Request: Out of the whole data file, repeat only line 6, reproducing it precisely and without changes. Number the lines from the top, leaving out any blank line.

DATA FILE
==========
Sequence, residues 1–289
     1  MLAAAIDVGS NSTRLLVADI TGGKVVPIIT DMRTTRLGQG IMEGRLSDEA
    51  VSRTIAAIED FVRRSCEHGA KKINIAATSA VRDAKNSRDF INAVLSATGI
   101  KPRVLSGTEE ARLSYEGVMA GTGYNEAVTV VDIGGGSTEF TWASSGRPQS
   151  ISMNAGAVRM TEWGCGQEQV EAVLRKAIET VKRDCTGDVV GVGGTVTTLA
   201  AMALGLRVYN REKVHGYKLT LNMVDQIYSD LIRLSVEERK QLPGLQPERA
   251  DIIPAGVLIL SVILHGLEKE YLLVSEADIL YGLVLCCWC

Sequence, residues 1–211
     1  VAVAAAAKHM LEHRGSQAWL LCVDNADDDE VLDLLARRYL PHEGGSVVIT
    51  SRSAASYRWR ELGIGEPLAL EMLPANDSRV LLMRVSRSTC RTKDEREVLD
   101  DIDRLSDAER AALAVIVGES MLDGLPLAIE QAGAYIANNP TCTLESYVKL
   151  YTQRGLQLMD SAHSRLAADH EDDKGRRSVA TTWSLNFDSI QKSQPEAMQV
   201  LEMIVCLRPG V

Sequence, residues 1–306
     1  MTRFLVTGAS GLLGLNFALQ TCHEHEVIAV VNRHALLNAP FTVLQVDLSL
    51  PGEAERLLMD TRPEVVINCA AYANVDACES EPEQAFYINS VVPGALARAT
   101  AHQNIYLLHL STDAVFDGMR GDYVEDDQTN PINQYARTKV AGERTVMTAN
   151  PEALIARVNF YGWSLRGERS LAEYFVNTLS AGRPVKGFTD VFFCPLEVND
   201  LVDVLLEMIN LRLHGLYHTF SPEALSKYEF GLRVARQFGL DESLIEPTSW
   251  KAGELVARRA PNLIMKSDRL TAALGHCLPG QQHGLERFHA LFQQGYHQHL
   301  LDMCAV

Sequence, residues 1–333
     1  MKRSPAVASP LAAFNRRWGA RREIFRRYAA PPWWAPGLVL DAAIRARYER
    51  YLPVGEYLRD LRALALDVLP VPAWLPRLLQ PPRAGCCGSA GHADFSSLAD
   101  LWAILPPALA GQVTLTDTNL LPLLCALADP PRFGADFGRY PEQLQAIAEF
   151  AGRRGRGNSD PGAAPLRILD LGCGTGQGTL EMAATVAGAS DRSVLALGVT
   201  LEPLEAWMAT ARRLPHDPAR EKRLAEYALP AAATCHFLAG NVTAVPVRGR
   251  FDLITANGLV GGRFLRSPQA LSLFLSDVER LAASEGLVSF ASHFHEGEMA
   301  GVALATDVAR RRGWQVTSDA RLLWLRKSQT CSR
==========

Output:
   201  AMALGLRVYN REKVHGYKLT LNMVDQIYSD LIRLSVEERK QLPGLQPERA